The bliss of one well-versed in the Vedas surpasses that of the higher beings

The following is an excerpt from S. Radhakrishan’s translation of the Taittiriya Upanishad 2.8.1. Here the rishis describe how knowledge of the Vedas and austerity brings bliss beyond that of beings in the higher worlds. In the course of the verse, we are introduced to multiple levels of beings in worlds beyond ours. Modern brain science confirms today that the world we perceive at any given moment is only a fraction of what our awareness is capable of experiencing as consciousness. Satguru Subramuniyaswami, founder ofHINDUISM TODAY, viewed religion as a process of communication between beings in this earth plane and higher subtle realms.

This is the inquiry concerning bliss.

Let there be a youth, a good youth, well read, prompt in action, steady in mind and strong in body. Let this whole earth be full of wealth for him. That is one human bliss.

What is a hundred times the human bliss, that is one bliss of human fairies (manu gandharvavam)—also of a man who is well versed in the Vedas and who is not smitten with desire.

What is a hundred times the bliss of the human fairies, that is one bliss of divine fairies (deva gandharvavam)—also of a man who is well versed in the Vedas and who is not smitten with desire.

What is a hundred times the bliss of the divine fairies, that is one bliss of the Fathers (pitrinam) in their long enduring world—also of a man who is well versed in the Vedas and who is not smitten with desire.

What is a hundred times the bliss of the Fathers in their long enduring world, that is one bliss of the Gods (ajanajanam devam) who are born so by birth—also of a man who is well versed in the Vedas and who is not smitten with desire.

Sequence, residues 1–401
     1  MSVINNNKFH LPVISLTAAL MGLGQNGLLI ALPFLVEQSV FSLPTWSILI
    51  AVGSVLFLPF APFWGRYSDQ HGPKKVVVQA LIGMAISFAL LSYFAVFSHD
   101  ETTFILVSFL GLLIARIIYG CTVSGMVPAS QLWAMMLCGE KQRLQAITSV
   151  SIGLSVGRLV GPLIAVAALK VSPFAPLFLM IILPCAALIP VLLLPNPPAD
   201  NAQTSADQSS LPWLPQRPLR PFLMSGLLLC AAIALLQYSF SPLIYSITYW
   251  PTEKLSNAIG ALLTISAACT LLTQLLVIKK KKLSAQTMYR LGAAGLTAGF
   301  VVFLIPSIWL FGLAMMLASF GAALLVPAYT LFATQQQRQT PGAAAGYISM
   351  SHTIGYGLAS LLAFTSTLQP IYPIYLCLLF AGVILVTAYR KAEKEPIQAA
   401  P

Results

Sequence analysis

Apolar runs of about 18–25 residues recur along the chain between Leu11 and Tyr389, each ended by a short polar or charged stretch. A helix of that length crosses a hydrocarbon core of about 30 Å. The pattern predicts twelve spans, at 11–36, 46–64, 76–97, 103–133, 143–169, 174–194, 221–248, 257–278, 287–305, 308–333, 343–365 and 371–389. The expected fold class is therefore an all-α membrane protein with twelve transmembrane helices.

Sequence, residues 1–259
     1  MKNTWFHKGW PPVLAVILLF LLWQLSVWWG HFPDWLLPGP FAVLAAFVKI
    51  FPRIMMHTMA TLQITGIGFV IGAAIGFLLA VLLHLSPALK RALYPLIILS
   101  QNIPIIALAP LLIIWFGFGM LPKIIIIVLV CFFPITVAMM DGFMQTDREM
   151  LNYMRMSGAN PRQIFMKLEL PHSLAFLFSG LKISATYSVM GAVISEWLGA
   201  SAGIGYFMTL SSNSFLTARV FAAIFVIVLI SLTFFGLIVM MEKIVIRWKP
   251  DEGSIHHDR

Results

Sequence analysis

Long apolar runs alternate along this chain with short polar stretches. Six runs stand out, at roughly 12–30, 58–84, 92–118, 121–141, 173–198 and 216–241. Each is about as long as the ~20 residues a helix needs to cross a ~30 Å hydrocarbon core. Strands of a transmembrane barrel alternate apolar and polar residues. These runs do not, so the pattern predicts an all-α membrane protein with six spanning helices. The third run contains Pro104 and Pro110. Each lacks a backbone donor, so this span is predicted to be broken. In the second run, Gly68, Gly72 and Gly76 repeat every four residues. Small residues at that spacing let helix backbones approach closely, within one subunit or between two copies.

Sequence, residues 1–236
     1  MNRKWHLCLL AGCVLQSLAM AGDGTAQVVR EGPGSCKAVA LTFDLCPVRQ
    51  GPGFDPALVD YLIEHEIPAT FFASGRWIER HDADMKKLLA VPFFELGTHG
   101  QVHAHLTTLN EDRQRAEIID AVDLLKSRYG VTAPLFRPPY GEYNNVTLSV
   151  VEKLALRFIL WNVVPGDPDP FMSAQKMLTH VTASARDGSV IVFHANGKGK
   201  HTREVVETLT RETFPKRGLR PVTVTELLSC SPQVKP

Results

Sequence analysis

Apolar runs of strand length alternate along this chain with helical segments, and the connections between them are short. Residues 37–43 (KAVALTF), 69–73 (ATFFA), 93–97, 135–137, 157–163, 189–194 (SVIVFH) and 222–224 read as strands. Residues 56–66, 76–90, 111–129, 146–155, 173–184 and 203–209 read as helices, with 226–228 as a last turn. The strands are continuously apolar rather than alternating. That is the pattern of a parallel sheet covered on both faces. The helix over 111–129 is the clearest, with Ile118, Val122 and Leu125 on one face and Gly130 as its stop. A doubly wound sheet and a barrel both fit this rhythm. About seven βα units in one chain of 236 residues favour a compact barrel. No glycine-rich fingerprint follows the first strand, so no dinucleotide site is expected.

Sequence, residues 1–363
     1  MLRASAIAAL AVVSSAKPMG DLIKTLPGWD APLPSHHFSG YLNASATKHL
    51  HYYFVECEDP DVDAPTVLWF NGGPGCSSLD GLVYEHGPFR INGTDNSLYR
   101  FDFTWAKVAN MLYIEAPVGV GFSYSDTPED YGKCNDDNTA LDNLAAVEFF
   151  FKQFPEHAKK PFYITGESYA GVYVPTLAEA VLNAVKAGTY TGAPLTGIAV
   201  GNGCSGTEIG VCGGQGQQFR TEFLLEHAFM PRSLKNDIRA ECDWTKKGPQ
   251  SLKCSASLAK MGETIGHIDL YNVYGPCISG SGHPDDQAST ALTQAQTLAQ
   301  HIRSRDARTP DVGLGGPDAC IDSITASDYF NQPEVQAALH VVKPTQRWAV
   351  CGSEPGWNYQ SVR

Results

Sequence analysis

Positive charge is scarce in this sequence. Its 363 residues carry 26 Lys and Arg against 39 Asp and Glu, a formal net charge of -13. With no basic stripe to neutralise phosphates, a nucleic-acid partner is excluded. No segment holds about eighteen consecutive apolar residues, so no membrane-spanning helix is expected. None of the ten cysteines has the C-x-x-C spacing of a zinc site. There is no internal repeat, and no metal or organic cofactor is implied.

What is a hundred times the bliss of the Gods who are born so by birth, that is one bliss of the Gods (karma devam) by work, who go to the Gods by work—also of a man who is well versed in the Vedas and who is not smitten with desire.

What is a hundred times the bliss of the Gods, that is one bliss of Indra—also of a man who is well versed in the Vedas and who is not smitten with desire.

What is a hundred times the bliss of Indra, that is one bliss of Brhaspati—also of a man who is well versed in the Vedas and who is not smitten with desire.

What is a hundred times the bliss of Brhaspati, that is one bliss of Prajapati—also of a man who is well versed in the Vedas and who is not smitten with desire.

What is a hundred times the bliss of Prajapati, that is one bliss of Brahma—also of a man who is well versed in the Veda and who is not smitten with desire.

Devotees on the earth plane sing sacred hymns while above them five astral beings dance (people who died and are yet to reincarnate), as well as other gandhavara, and above them two mahadevas in higher realm bless.

He who is here in the person and he who is yonder in the Sun—he is one. He who knows this, on departing from this world reaches to the self which consists of food, reaches the self which consists of life, reaches the self which consists of mind, reaches the self which consists of understanding, reaches the self which consists of bliss.

Translator’s commentary: Those who attain to the status of Gods by their own work are called Karma-Devas. The bliss of delight which knowledge of Brahman occasions baffles all description. It is something completely incomprehensible. Brahman thus is blissful being and so is of the highest value. In reaching the richness of being of Brahman we reach our highest fulfilment. In describing the various degrees of happiness, the author of the Upanishad gives us an idea of the classes of human and divine beings: men, fathers, fairies, Gods by merit and Gods by birth, Prajapati and Brahma or Hirangarbha.

SARVAPELLI RADAKRISHNAN, (1888-1975) was an Indian philosopher and statesman, India’s first Vice President (1952–1962) and second President (1962–1967). He held doctorates in science, philosophy and theology.